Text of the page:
Objectives

Several computational methods have been developed to predict whether amino acid substitutions result in disease. This type of analysis is included in the ACMG/AMP guidelines for pathogenicity classification of variants and is being used by the Clinical Genomics (ClinGen) resource. These methods are generally blind to the underlying disease mechanism. Little is known about how mechanism of disease affects the predictive ability of these algorithms for variants implicated in inherited diseases. We address this by focusing on two classes of genes that differ in their molecular mechanism of action. Activating/gain-of-function mutations in oncogenes and loss-of-function mutations in tumor-sppressor genes(TSG) are pathogenic in cancer development. Moreover, unlike TSG, oncogenes are recurrently mutated at several amino acid positions.

Methods

We obtained 5078 missense variants in 29 oncogenes and 50 TSG, classified based on their pattern of mutations in COSMIC(1), from the ClinVar database and annotated them with 20 computational algorithms. These variants had clinical assertions provided by the submitting laboratory. We analyzed variants classified as either pathogenic or benign in oncogenes (n=321) and TSG (n=832).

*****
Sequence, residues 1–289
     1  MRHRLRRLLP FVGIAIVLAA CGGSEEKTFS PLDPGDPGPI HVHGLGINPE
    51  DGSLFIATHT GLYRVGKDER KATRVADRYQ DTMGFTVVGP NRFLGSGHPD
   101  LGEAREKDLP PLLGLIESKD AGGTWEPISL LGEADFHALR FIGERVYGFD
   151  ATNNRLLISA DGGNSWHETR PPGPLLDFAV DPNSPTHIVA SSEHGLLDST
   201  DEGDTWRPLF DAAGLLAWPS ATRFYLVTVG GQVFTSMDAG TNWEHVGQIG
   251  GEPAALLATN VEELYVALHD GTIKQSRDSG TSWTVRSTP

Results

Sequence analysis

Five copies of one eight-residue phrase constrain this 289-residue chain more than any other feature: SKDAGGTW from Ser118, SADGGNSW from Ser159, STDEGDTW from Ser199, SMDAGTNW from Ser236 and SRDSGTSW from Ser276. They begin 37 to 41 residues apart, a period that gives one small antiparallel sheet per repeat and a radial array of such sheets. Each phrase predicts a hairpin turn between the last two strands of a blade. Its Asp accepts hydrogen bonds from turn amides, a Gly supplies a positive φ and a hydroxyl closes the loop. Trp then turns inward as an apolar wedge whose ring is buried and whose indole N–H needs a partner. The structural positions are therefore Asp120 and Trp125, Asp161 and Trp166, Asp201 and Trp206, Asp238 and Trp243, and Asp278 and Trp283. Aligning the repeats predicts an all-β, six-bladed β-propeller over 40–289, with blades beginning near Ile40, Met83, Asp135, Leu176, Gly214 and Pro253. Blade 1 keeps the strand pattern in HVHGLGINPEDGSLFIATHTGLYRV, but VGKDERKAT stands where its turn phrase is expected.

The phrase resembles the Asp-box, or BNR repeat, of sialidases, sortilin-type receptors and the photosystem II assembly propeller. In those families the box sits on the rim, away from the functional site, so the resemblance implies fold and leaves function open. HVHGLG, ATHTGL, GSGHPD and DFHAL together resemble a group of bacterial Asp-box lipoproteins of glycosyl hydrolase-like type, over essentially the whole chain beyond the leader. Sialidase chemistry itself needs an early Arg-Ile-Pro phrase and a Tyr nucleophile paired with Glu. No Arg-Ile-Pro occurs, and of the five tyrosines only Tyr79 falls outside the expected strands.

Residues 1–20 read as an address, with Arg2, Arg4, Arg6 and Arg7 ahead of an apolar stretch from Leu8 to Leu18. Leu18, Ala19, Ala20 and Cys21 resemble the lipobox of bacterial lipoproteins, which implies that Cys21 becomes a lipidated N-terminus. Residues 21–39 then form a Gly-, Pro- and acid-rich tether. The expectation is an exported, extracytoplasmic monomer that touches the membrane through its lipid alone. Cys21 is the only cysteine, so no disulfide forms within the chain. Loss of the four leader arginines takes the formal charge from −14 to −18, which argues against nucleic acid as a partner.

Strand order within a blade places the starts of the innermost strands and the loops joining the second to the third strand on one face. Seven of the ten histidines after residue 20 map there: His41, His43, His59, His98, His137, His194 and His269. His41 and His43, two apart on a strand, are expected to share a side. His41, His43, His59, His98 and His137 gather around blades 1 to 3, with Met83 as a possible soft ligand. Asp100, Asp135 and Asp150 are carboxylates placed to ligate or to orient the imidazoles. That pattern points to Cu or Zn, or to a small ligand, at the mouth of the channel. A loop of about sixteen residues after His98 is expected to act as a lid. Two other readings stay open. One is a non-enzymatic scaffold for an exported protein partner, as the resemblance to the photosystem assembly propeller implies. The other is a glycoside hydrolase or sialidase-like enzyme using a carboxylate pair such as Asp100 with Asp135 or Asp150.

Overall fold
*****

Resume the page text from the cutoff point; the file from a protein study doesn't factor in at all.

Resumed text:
Results

We found less concordance among the algorithms assessed for pathogenic variant prediction in either class of genes. Also the set of algorithms that were concordant in predicting benign and pathogenic variants differed on whether the variant was an oncogene or TSG. The concordant (e.g. GERP++) algorithms are primarily based on evolutionary conservation. A combination of GERP++ and the functional prediction algorithm FATHMM is more likely to produce discordant results for oncogenes. This implies that curators choosing different sets of computational algorithm are likely to result in different inferences for the same variants. We are developing statistical approaches to identify algorithms that produces maximal separation of benign and pathogenic variants for oncogenes and TSGs and applying them in a larger set of variants in the list of 56 genes recommended for reporting for incidental findings differing in their disease mechanism.